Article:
Why Start Installing Laminate Flooring Away From The Wall?

Posted on Apr 28th 2022 by David — Comments ↓

We had some questions come in based on the video at the bottom of the post. In it, Adam starts a laminate installation a few feet away from the wall, then, after a few rows are locked together, pushes it back into place, against the wall's spacers, before continuing on.

We do this so we can work with the laminate properly (you pull planks toward you as you install them), using our own weight on the first few rows of flooring as we install each new plank, then we push it back once there is enough room to continue on without being up against the wall ourselves.

This raised some issues, and Adam gave me these replies:  

...Do you connect a few pieces like you did, then put it back towards the wall and start adding and cutting pieces to the ends?

From what I can tell in the question, it is about when to reposition the material to its final installation spot. In the video I have the material about 3-4 feet from the wall to start the installation.

For most starting positions you would have it start in the corner of the room and work all the way across the floor using full planks in the first row. When you get to the end of the first row you will need to cut the last plank to make it fit, and be sure to leave about a 1/4" gap from the wall. Once you've cut that last piece in the row, the remainder of that plank can be used to start the next row.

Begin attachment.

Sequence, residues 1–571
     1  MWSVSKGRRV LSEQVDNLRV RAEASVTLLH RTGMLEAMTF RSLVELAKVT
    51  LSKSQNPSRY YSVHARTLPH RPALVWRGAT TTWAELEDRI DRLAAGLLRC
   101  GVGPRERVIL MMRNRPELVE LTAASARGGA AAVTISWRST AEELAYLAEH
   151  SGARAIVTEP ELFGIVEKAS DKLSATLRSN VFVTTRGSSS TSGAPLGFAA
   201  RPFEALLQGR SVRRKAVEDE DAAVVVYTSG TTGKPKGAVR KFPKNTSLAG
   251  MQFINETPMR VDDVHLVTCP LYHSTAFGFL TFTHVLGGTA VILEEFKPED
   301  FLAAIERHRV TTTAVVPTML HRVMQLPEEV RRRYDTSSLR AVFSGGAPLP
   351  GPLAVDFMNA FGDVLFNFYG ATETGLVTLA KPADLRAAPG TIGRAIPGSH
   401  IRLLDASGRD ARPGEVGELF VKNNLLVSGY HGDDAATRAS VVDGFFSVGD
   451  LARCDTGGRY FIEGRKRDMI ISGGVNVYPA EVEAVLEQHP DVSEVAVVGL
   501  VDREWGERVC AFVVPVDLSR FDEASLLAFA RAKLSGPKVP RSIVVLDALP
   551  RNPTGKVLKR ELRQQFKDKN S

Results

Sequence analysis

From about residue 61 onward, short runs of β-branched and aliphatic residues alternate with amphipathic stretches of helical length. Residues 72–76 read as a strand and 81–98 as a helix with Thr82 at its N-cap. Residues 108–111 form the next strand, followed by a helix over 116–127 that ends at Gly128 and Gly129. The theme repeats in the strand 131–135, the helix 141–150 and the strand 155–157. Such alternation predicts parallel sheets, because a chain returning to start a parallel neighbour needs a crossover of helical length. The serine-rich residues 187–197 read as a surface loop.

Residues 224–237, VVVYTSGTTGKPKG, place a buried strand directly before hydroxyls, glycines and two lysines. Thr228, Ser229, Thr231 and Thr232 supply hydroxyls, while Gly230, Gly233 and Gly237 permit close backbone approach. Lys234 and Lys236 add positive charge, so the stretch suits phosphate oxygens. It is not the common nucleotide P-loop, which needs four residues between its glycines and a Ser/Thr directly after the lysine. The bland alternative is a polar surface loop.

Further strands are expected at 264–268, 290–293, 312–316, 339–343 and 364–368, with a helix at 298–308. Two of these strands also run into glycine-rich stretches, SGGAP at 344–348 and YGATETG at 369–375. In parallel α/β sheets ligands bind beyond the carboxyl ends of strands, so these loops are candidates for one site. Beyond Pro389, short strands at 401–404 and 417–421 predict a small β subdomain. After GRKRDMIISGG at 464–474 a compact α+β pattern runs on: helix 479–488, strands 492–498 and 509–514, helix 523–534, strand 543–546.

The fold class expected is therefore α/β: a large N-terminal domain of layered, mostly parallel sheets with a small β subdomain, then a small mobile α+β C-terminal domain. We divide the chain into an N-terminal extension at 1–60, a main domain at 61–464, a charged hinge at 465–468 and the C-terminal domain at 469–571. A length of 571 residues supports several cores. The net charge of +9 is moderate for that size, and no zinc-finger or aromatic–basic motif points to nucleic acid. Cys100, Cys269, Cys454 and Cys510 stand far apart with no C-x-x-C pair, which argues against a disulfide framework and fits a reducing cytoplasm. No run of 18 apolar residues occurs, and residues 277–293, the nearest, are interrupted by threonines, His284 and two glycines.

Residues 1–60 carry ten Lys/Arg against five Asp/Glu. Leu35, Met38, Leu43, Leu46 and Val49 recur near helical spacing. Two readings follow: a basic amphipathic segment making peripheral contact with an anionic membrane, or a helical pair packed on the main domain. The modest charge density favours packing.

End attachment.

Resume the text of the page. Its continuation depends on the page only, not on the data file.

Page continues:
As you go along, each row needs to be complete, having all planks and partial planks in place, and once you have three, four or five of those done, you can push them back to the wall.

You mentioned leaving 8 inches. Why do you need to leave 8 inches for?

With a click together floor, the end joints in each row need to be at least 8 inches off from the end joints in the adjoining rows because the planks in one row help secure the planks in neighboring rows. If you had your end joints all aligned, right next to each other from row to row such that your floor looked like a grid, you cold unlock those ends as you walked across the floor. The overlap on each side of an end joint helps keep it in place once the whole floor is down.

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- - - - David is a Writer at Floors To Your Home (.com), as well as the PPC Manager, a Marketing Strategy Team member, a Researcher, Videographer, Social Strategist, Photographer and all around Resource Jitō. In my spare time I shoot and edit video, explore film history, mix music (as in 'play with Beatles multi-tracks') and write non-fiction for my friends. Connect with me on W. David Lichty's Google+

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